The most surprising culinary aspect of the trip, however, did not involve any kind of eating or drinking. It was the twin monuments of the Grande Saline at Salins-les-Bains and the Saline Royale at Arc-et-Senans, two beautifully preserved former saltworks now run as museums. Both are architectural marvels in completely contrasting styles. One resembles something out of the Wild West; the other is a grandiose feat of neoclassical utopian-industrial architecture. Together they are a powerful and oddly moving reminder of how quickly and dramatically technological development can alter human life. With the arrival of the icebox, salt, once a commodity more valuable than gold, was reduced, practically overnight, to a mere condiment. Merci beaucoup, Baron Kelvin.
Further architectural wonders awaited in Besançon, whose celebrated citadel has been of strategic importance since Roman times. Maryline was keen to impress on me the fact that the city is also notable for ingenuity on a much smaller scale. She introduced me to Philippe Lebru, a clockmaker and impresario of the horological traditions of the region. We chatted in his elegant atelier-boutique, Utinam, among colorful clocks of his own design and watches by contemporary local designers. “Many of us,” he said, “think of the mechanical-watch industry as quintessentially Swiss. Not so. We’ve been doing nanotechnology on this side of the Jura mountains for centuries.”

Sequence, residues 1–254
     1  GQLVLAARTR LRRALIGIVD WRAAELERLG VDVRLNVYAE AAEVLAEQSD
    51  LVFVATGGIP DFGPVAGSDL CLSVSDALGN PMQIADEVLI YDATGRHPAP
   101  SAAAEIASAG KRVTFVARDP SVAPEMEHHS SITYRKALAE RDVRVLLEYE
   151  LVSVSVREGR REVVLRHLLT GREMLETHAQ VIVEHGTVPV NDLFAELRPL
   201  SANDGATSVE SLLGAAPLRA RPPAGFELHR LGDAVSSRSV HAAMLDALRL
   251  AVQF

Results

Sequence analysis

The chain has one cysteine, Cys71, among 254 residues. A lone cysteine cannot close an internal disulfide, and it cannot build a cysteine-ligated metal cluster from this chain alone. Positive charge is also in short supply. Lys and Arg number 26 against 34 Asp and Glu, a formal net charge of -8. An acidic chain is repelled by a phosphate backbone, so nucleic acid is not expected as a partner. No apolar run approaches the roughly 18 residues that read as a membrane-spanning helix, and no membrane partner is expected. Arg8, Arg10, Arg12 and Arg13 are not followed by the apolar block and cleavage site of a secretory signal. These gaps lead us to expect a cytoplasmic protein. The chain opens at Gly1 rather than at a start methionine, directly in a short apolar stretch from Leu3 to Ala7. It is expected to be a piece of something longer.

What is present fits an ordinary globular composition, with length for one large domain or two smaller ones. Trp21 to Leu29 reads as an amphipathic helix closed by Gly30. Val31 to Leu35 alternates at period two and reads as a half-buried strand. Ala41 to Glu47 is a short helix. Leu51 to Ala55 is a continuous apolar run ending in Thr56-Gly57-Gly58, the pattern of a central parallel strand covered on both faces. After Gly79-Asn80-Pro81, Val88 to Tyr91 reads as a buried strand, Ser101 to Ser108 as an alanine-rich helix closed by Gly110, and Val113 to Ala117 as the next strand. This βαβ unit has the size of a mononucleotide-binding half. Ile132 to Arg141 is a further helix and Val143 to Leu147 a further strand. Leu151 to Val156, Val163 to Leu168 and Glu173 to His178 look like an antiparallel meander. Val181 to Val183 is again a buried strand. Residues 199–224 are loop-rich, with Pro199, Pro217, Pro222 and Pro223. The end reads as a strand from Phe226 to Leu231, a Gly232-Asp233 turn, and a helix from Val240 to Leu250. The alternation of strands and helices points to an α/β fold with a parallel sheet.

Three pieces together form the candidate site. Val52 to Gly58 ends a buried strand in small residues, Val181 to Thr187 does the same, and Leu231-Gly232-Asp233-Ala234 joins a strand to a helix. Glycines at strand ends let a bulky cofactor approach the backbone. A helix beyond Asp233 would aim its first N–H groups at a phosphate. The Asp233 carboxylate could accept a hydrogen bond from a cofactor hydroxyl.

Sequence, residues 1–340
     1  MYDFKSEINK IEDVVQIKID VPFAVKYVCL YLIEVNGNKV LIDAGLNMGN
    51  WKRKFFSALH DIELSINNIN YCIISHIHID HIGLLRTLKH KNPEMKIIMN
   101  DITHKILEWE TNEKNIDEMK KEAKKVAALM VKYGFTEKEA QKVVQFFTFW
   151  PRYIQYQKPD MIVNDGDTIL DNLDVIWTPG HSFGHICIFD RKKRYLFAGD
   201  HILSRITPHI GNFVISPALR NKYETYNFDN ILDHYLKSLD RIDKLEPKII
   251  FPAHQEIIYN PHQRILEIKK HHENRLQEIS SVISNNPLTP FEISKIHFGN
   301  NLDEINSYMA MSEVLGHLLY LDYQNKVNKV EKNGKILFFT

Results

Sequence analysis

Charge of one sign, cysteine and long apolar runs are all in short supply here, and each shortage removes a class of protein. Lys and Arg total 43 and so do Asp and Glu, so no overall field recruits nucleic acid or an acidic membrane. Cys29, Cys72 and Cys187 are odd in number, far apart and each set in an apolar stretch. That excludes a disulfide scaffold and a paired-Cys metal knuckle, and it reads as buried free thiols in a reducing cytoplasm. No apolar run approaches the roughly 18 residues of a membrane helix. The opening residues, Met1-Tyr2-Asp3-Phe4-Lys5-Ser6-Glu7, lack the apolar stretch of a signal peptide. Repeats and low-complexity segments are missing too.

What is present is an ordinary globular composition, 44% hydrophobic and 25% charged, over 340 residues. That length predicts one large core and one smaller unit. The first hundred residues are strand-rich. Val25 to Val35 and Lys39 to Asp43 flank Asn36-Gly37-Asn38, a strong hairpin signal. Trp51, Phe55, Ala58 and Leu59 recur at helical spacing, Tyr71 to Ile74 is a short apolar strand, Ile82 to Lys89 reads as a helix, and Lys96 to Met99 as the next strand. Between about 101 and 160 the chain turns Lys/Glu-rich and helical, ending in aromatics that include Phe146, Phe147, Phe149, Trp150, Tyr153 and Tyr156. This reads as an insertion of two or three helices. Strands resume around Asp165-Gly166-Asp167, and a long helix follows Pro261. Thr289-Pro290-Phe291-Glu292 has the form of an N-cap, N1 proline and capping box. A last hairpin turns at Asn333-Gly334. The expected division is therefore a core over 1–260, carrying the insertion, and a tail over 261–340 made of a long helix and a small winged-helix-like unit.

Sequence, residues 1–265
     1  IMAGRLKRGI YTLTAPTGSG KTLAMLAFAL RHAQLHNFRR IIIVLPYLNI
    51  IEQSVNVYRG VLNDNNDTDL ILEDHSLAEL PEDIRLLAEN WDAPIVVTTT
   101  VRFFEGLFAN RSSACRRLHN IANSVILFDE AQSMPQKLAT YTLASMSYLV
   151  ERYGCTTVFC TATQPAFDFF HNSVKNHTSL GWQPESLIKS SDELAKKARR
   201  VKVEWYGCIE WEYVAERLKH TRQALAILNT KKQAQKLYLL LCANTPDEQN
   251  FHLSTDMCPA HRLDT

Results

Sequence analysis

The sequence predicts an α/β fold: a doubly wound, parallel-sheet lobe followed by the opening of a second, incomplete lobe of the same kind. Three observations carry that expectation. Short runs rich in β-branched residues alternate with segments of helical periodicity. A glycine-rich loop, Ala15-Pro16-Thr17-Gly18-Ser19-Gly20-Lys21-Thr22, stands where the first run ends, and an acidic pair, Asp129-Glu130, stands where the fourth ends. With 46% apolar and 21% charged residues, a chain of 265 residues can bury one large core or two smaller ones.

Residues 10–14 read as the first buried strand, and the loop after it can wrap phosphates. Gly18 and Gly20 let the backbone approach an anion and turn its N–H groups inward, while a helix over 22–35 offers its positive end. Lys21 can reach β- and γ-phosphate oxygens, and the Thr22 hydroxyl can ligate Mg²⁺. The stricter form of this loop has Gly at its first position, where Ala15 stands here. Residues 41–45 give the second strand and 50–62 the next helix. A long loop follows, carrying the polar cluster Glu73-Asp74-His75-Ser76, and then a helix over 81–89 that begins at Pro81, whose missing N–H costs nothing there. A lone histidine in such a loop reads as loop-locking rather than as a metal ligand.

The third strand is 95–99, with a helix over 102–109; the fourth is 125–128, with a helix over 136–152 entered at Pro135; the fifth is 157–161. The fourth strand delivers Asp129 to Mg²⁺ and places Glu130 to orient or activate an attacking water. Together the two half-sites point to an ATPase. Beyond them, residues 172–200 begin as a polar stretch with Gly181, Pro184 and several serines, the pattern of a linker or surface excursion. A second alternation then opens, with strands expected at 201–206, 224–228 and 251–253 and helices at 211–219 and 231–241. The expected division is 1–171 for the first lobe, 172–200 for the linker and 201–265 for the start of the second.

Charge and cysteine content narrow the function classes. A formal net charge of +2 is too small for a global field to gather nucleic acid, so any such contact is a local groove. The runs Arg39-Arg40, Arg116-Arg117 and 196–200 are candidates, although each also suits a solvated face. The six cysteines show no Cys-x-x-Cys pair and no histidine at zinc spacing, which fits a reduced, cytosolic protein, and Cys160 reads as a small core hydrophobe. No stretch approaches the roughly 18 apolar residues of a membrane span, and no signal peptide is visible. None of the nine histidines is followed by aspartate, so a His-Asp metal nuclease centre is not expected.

As well as making it an ideal spot for a fortress, the geography of Besançon—a steep hill rising from a flat plain, opening up extensive views in all directions, tightly circumscribed by a noose-like loop in the Doubs River—has had other practical consequences. It accounts for the peculiar density of the old town, which, though small, has a sense of compression and bustle that you normally associate with larger cities. Its street-side doorways open into narrow private courtyards of great beauty, typically featuring staircases designed in a style that is unique to Besançon—external in order to create space on the inside. I was constantly zigzagging across streets from one doorway to another, trespassing wildly to see these courtyards, and found no two to be exactly alike. It seemed to me entirely fitting that the Lumière brothers, pioneers of the motion-picture industry, should have lived in this eminently cinematic city.